He hopes the play fosters understanding and dispels misconceptions. “There’s a young character in the play, a young sapper who, like many young men today, can’t read or write very well. So, how does he relate his experiences in a way his friends or family can understand – or his broader community? I suppose I wrote the play for him.”

Life in the armed services is difficult, dangerous and confronting. Part of what attracted Johnston to sign up is a commitment to the greater good. “What I love about serving in the army is I work with men and women who are committing themselves to a vocation that is bigger than themselves, that is actually above politics; they are willing to subordinate their own interests to what they feel is more important. I don’t consider myself to be particularly political; I think the play … might inflame the people on the left and on the right because it’s not politically correct, but also it doesn’t conform to this traditional idea of the ANZACs.”

Artistic director of Queensland Theatre Company Lee Lewis, who has long championed the play, saying it tells a story we’ve not heard before.Credit:Brett Boardman

That hero idea is absent from the work, which tells the story of four Aussie soldiers of various ranks and their Afghan interpreter, as well as Afghan troops, Taliban insurgents and a warlord.

The 20-year-long conflict began with the attack on the World Trade Centre in New York in 2001, a mission that was perhaps destined to be tragic, given the country’s history. “We knew exactly what we were getting in for,” Johnston says, adding “I would go back to Afghanistan tomorrow if Australian soldiers were still fighting and dying”.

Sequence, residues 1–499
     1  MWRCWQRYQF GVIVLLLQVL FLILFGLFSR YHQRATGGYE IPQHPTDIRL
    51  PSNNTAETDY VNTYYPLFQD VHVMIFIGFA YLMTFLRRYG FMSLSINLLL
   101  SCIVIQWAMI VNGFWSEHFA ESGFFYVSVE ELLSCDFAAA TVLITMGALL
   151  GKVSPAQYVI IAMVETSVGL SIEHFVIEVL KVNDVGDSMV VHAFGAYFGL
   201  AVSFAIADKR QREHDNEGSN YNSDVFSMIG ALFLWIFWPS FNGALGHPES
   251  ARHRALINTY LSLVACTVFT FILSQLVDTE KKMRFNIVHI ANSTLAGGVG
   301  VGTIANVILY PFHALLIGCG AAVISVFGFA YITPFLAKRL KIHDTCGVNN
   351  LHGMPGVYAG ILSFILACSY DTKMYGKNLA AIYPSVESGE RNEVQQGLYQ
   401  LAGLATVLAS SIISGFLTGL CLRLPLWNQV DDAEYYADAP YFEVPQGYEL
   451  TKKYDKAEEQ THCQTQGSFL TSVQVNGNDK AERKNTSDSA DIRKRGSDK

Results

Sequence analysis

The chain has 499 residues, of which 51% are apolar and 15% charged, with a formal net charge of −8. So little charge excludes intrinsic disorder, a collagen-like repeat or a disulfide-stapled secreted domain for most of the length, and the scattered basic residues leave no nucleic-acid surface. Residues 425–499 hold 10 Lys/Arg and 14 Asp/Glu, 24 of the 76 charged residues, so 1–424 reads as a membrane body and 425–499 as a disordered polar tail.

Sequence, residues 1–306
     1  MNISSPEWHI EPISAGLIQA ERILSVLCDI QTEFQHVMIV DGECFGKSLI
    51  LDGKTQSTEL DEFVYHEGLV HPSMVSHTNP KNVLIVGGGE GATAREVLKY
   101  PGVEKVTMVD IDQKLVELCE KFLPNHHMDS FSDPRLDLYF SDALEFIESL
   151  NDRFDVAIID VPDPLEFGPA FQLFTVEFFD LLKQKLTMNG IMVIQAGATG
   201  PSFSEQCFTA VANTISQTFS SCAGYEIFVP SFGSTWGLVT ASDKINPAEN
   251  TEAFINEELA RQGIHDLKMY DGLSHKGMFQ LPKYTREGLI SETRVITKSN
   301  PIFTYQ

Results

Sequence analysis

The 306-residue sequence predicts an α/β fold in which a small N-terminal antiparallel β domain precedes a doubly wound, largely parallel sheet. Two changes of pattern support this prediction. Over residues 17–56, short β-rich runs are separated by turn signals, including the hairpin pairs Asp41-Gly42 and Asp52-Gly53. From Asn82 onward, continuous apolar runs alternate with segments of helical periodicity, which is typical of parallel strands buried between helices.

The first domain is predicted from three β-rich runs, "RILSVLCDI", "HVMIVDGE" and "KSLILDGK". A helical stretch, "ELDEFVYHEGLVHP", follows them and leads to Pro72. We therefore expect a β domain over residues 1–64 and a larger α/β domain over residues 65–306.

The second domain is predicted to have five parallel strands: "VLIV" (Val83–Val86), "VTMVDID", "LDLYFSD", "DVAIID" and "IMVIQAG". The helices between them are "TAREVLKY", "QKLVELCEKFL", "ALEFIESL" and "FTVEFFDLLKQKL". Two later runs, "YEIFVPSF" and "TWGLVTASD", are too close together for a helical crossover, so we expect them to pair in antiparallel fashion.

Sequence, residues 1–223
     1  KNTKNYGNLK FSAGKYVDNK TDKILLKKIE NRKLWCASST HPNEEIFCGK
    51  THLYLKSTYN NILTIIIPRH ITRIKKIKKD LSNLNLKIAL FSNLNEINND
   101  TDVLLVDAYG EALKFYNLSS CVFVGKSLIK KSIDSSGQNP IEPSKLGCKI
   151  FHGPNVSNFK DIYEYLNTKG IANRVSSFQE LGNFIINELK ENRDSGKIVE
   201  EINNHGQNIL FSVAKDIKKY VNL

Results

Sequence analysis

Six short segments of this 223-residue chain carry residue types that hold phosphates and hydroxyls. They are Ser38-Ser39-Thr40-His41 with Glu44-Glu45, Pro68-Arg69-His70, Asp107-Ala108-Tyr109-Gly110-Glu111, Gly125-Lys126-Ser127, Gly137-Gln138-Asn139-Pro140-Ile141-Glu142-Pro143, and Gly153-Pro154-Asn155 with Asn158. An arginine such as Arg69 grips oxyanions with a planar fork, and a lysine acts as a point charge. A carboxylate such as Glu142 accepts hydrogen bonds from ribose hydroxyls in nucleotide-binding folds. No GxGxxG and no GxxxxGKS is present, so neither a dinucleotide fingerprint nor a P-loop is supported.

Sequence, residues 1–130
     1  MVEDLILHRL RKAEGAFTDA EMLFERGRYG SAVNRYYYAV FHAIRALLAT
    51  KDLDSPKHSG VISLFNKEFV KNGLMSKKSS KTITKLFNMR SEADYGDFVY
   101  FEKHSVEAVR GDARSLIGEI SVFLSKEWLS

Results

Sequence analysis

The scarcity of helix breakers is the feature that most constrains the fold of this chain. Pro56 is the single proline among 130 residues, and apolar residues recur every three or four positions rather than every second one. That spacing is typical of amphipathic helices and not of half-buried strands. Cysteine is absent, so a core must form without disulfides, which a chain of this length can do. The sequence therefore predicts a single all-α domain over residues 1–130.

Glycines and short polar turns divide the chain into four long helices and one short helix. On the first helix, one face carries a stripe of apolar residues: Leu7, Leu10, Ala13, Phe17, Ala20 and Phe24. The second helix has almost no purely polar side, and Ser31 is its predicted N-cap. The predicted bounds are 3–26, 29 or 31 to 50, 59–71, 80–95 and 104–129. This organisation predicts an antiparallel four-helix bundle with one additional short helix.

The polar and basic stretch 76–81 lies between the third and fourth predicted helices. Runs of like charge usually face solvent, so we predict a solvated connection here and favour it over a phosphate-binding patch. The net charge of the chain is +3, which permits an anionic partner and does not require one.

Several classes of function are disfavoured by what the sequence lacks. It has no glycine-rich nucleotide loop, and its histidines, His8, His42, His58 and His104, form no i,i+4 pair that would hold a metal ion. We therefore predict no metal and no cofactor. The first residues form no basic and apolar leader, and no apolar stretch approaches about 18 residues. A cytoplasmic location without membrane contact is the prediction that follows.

“Even a lost cause is sometimes worth fighting for and it’s hard to think of a more noble cause than Afghanistan: the poverty, the illiteracy, the sheer despondency of that country, combined with the natural beauty of its landscape and its people, I was happy to fight for Afghanistan,” he says. “And all of us were in it to win it but the ends never matched the means … We never invested the means that were required to achieve the ends that were sought.“

The momentum of the campaign shifted in May 2011, when Osama bin Laden was killed in Pakistan, according to Johnston. That’s the point at which the play is set and it is through that prism he aims to tell the story of the entire war. Until mid-2011, Improvised Explosive Devices (IEDs) were the major killer of Australian soldiers in Afghanistan. Soon after news of the proposed allied forces withdrawal came the first ‘green on blue’ attack and insider attacks became the leading killer.

“Some terrible men decided to pick the winning side… Afghanistan continued to be a very violent place,” he says. “But there was really no overarching, compelling strategic decision, other than carefully scripted capitulation, according to a timeline set on the other side of the world.”

Ali Reza Momenzada, who plays the interpreter Ali in ‘First Casualty’.Credit:Brett Boardman

Currently studying Japanese at the defence school of languages in Laverton, Johnston will soon head to Tokyo as Australia’s army attache designate.

Proud and excited about the play, he is also nervous about how it will be received. “I’ve been really encouraged by the very strong support of colleagues that I work with and the chain of command. The play met significant resistance in Canberra but colleagues, my chain of command, and from combat veterans I know well have been nothing but supportive.”

Johnston says he understands why the US and its allies, including Australia, decided not to continue their mission after May 2011. Even so, there’s a note of regret in his voice when he reflects on how things were back then. “It was a more ambitious time: the Western world, we were ambitious about human rights and the promotion of our values in other countries and I think those aspirations really died in Iraq and Afghanistan,” he says. “I think if I can tell that story allegorically at its smallest, most tactical level … and depict these extraordinary men dealing with forces, many of which are within their control – these are very capable soldiers – but they are also dealing with forces beyond their control, and an environment that is largely beyond their understanding.”

First Casualty is at Bille Brown Theatre, Brisbane, from November 12-December 10.